What is a priest? What do priests do?

Why be a priest?
Everyone who wants to be true to their self is looking for meaning and fulfillment in their lives. For a Christian, the meaning of life is always connected with serving God in some way. Many people are finding meaning and happiness in their lives and are also serving God in the vocation of marriage. There are plenty of single people, who often because of their flexibility, can serve God and be happy in a number of ways. But many young men, even though they can see themselves serving God in the married or in the single vocation, nevertheless, still sense a different kind of service and lifestyle being offered to them as an ordained priest. Instead of marriage vows, vows of obedience and celibacy are given, as the priesthood is a special way of serving God’s people by being able to be both brother, and more importantly, “father” to everyone who is ministered to.

What does a priest do?
The basic work of a priest is to proclaim the Word of God. Now this can be done in a number of ways. A priest has to spend time preparing for, and then performing the Sacraments—Eucharist, Reconciliation, Baptism, Funerals, Marriages, Sacrament of the Sick. Part of each day should be set aside for prayer, especially since sharing the fruits of prayer, whether through homilies or through teachings is an important aspect of a priest’s work. A priest does a lot of visiting, whether to the sick in hospitals or nursing homes, or to families in their communities with all of the various activities involved in family life.
Working with various parish and other neighborhood organizations is also a component of a priest’s life. The diocesan priest’s main gift to his people is the ability to be available, to be able to spend time with his people. Thus, a priest will also be involved in people’s lives who have special needs or problems, such as with marriages, with drugs, with parent/child issues, with depression, or with life in general. A diocesan priest is considered to be a leader for his people in both the social and the spiritual concerns. Like anyone else, a priest should also schedule in time for exercise, rest, vacations, hobbies and other enjoyable activities.

What is a diocesan priest?
Another name for a diocesan priest is to be simply called a parish priest. The word “diocesan” comes from a Greek word meaning “to keep house.” A diocesan priest is the priest involved in the everyday lives of the people in a particular parish. A parish priest could be a pastor, the one in charge of a parish, or an associate pastor who helps the pastor with the everyday duties of running the parish, both administrative and sacramental.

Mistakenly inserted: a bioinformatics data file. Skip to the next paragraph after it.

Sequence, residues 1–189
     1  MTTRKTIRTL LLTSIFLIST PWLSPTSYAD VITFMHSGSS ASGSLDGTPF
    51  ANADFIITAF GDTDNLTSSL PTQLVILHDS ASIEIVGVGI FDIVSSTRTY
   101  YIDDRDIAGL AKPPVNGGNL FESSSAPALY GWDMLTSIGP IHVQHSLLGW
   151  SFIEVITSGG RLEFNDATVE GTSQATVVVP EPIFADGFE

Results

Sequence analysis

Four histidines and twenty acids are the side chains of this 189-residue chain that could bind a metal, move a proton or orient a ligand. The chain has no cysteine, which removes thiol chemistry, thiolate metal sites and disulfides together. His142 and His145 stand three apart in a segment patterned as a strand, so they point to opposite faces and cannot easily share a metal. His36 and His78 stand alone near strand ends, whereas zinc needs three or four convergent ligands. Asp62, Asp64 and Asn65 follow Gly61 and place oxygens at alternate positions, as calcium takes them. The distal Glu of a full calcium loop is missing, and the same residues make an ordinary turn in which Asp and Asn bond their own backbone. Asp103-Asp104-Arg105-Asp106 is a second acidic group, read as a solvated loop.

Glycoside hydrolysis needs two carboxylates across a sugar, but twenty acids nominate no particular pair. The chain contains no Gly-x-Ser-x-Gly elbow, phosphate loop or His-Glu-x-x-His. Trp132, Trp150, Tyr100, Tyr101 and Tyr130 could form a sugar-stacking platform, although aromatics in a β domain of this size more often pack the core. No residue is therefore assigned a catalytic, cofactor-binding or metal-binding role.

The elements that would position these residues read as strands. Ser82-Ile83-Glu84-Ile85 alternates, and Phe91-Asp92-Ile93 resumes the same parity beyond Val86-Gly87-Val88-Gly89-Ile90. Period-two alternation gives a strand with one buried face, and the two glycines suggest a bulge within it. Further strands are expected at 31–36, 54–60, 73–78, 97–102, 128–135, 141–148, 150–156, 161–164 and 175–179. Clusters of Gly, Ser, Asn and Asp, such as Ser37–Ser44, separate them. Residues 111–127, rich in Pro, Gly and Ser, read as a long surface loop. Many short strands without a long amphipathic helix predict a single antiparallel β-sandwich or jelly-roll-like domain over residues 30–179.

What’s the difference between a religious priest and a diocesan priest?
A religious priest is a member of a particular religious order or society. A religious priest takes the vow of poverty as well as the vows of celibacy and obedience. Usually, he lives with a number of other priests or brothers of his religious community. His service to the Church can go beyond the boundaries of a parish, and he can be sent anywhere in the world that his religious community is working.
A diocesan priest on the other hand, ordinarily serves within the boundaries of the diocese for which he has been ordained. He makes a commitment directly to his bishop. He does not have to take a vow of poverty, but instead is given a salary from which he can take care of his personal needs.


Priestly Vocations

Rev. Michael DePalma
Phone: 505.892.1997
Phone: 505.831.8143
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1502 Sara Rd.
Rio Rancho, NM 87124
Rev Clement Niggel
Associate Director
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Robert Martinez
Office Manager
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Deacon Formation Program

Deacon Steve Rangel
Director of Deacons
Phone: 505.831.8246
Phone: 505.249.6416
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Deacon Mark L. Bussemeier
Director of Formation
Phone: 505.821.1571 ext. 317
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Jamie Themig
Secretary of Deacons
Phone: 505.831.8246
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Deacon Formation Associate Directors

Deacon Jim Snell
English Formation Program
Phone: 505.865.1774
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Deacon Juan Barajas
Spanish Formation Program
Phone: 505.831.8152
Fax: 505.831.8206
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Archdiocese of Santa Fe Vocation Committee

Sr. Jackie Stoll, OP
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Sr. Kay Taylor, FDCC